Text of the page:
Scientific research articles cited in the media should be available at the time embargoes are lifted, not later.
Recently there was an article I very much wanted to write about in a timely fashion, having seen the news in local media and on Ed Yong’s blog. To my complete frustration, the research paper was unavailable despite the story being widely reported in the media. And not just frustration, either: it seemed wrong.
Others explained it was because PNAS (the prestigious Proceedings of the National Academy of Sciences, USA) has a practice of not releasing the paper for a period after the media embargo.
It seems a number of journals take some time to release the DOIs (Document Object Identifiers) associated with a publication or even the article itself following an embargo on reporting the publication.
As Yong writes in his call to Kill the post-embargo publication window:
This practice punishes scientists who are unable to see, comment on, or discuss work that is outed in the mainstream media, it punishes journalists who are trying to link to original sources, and it punishes readers who are inquisitive and skeptical enough to try to verify the information they read. None of these is acceptable.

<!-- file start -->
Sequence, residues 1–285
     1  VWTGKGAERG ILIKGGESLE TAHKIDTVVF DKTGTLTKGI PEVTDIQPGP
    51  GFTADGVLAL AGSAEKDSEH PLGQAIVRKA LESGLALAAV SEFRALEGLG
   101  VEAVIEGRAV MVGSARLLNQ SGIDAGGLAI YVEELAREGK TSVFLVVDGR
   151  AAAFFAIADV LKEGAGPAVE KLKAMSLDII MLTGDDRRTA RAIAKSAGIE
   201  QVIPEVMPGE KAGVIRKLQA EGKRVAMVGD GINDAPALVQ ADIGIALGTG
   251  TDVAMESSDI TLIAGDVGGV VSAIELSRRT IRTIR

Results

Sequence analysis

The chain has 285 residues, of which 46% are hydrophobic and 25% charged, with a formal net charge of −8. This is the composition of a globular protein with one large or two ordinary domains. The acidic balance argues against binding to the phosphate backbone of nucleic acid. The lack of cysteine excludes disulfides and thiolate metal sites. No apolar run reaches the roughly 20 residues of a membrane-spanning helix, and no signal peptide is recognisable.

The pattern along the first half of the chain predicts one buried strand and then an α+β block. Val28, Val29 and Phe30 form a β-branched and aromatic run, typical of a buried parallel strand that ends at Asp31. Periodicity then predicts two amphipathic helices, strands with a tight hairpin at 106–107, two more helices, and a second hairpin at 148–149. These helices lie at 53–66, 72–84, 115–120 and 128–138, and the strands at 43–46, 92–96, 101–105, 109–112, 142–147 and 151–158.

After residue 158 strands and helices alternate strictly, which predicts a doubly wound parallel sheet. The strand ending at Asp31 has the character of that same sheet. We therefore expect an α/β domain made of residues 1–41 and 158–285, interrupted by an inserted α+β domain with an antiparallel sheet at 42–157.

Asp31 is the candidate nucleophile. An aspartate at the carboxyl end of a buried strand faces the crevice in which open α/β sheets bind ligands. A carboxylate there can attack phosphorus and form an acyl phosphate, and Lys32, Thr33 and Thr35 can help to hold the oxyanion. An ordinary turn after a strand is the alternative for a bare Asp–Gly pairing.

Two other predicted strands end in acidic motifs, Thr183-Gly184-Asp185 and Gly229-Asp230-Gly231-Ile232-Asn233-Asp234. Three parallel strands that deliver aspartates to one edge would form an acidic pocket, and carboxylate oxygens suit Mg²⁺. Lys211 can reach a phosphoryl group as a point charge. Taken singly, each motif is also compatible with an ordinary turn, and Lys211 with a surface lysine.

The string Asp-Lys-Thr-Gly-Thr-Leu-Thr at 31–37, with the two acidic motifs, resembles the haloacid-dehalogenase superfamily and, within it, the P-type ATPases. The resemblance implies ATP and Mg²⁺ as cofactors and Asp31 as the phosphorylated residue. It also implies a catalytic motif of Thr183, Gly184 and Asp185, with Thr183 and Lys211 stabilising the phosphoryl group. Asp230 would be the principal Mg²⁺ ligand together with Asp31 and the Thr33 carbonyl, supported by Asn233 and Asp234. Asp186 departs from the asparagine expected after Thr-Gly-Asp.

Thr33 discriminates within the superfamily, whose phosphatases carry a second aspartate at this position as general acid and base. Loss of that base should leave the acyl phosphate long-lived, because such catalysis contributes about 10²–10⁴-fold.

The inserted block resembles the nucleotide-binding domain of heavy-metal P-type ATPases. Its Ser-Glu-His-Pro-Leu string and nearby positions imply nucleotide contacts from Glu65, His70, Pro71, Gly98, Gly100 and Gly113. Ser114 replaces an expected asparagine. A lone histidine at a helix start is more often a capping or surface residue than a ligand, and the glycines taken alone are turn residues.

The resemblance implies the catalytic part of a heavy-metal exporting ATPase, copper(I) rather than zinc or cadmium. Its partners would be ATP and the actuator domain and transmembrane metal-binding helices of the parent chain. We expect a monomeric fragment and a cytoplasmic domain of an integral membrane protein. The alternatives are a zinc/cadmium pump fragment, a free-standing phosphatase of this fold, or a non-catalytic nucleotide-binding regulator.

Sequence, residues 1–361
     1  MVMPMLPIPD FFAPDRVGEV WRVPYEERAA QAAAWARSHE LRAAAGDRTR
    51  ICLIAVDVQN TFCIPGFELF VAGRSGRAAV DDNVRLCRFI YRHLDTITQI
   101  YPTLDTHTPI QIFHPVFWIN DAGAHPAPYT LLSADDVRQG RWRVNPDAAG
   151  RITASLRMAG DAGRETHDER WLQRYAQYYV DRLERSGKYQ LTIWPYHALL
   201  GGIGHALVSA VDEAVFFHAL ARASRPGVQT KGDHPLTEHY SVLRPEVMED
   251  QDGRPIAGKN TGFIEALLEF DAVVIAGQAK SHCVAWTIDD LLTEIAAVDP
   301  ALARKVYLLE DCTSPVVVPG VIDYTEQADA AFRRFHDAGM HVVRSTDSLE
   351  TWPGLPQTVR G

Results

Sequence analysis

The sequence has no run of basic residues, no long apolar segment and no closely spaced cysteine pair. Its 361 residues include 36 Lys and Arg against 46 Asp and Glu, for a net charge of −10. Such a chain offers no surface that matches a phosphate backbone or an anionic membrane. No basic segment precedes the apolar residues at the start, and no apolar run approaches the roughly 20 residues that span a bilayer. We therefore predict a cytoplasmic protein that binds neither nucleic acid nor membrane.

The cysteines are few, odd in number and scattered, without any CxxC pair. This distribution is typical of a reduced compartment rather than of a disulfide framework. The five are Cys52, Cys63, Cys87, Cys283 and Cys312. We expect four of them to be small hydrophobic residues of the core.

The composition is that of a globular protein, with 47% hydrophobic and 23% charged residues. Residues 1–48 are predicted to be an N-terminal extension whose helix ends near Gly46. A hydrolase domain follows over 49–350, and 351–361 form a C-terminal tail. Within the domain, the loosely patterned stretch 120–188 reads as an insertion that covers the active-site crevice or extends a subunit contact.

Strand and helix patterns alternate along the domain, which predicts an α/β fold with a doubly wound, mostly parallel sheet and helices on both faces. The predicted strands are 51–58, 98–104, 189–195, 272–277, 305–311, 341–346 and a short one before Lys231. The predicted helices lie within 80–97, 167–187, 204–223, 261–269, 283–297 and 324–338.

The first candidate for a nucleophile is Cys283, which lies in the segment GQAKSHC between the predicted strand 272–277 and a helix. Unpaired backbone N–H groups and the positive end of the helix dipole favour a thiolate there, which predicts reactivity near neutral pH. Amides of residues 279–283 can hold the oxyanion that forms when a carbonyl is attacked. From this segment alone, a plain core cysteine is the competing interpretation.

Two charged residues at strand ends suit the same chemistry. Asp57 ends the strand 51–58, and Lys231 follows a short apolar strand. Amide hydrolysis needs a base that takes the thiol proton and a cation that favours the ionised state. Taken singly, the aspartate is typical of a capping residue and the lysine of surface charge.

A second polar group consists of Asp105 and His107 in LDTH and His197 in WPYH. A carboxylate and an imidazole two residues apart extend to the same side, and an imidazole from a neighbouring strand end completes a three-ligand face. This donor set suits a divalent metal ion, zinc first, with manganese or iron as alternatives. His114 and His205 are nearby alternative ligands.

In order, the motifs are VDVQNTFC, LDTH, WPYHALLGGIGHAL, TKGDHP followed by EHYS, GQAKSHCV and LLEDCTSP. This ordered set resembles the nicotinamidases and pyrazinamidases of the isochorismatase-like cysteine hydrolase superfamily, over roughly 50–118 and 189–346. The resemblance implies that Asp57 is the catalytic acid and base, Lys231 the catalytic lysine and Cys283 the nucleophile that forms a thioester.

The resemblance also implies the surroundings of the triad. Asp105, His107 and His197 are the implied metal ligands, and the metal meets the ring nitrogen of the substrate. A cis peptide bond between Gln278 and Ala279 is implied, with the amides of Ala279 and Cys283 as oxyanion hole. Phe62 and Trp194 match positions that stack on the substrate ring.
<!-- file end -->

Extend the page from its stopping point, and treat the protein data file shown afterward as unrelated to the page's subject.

On Ed Yong’s issue of provisioning DOIs, the DOIs themselves can be provided ahead of time, as I am sure in most cases they are. I can’t imagine that there is a technological reason that DOI link can’t be routed to a standard placeholder page until the time the embargo is lifted and replaced with the actual article at the moment the embargo is lifted.
On the wrongness of articles not being available despite the same material being reported in the media… one thought I had at the time was that here was a scientific journal, representing a body of scientists (the NAS), effectively blocking scientists from assisting science from being properly covered in media, and less formally on blogs and the internet in general. It seemed contrary to their own aims. Or at least outdated given how the internet works, as Ed Yong points out.
A deeper sense of wrongness relates to if embargoes should even exist and if it’s proper for media to effectively be the first/only port for initial dissemination, as opposed to scientists with media skills (say). But that’s an argument for another day.
I’m unsure if embargoes should exist at all; I’m still coming to grips with the details and variations employed but it’s topic that’s widely discussed on the WWW, for example in Ivan Oransky’s new Embargo Watch Blog.
Share your thoughts in the comments.
Other science communication posts on Code for Life:
(See links at the end of these articles for further posts.)